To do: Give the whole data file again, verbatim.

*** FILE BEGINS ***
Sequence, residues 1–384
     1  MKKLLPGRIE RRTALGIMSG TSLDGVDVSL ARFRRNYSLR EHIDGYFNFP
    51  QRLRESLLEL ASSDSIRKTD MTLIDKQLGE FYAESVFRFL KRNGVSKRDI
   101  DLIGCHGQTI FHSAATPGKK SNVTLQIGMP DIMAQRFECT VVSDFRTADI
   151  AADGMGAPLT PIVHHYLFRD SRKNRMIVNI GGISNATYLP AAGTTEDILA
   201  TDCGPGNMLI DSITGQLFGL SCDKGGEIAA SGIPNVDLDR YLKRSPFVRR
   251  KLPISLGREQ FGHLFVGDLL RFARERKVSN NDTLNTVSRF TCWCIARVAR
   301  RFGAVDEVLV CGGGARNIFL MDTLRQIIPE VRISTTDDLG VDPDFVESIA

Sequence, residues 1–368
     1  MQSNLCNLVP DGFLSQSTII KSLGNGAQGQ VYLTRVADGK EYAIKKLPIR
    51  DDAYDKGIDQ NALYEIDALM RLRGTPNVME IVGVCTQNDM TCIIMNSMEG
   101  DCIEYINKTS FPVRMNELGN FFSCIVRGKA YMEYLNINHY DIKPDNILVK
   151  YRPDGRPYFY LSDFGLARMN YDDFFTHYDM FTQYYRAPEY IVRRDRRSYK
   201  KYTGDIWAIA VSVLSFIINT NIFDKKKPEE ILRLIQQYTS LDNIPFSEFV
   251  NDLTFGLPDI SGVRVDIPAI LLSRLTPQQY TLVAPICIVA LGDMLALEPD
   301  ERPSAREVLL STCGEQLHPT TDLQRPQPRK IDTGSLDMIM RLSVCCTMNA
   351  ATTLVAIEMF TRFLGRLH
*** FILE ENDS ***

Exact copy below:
Sequence, residues 1–384
     1  MKKLLPGRIE RRTALGIMSG TSLDGVDVSL ARFRRNYSLR EHIDGYFNFP
    51  QRLRESLLEL ASSDSIRKTD MTLIDKQLGE FYAESVFRFL KRNGVSKRDI
   101  DLIGCHGQTI FHSAATPGKK SNVTLQIGMP DIMAQRFECT VVSDFRTADI
   151  AADGMGAPLT PIVHHYLFRD SRKNRMIVNI GGISNATYLP AAGTTEDILA
   201  TDCGPGNMLI DSITGQLFGL SCDKGGEIAA SGIPNVDLDR YLKRSPFVRR
   251  KLPISLGREQ FGHLFVGDLL RFARERKVSN NDTLNTVSRF TCWCIARVAR
   301  RFGAVDEVLV CGGGARNIFL MDTLRQIIPE VRISTTDDLG VDPDFVESIA

Sequence, residues 1–368
     1  MQSNLCNLVP DGFLSQSTII KSLGNGAQGQ VYLTRVADGK EYAIKKLPIR
    51  DDAYDKGIDQ NALYEIDALM RLRGTPNVME IVGVCTQNDM TCIIMNSMEG
   101  DCIEYINKTS FPVRMNELGN FFSCIVRGKA YMEYLNINHY DIKPDNILVK
   151  YRPDGRPYFY LSDFGLARMN YDDFFTHYDM FTQYYRAPEY IVRRDRRSYK
   201  KYTGDIWAIA VSVLSFIINT NIFDKKKPEE ILRLIQQYTS LDNIPFSEFV
   251  NDLTFGLPDI SGVRVDIPAI LLSRLTPQQY TLVAPICIVA LGDMLALEPD
   301  ERPSAREVLL STCGEQLHPT TDLQRPQPRK IDTGSLDMIM RLSVCCTMNA
   351  ATTLVAIEMF TRFLGRLH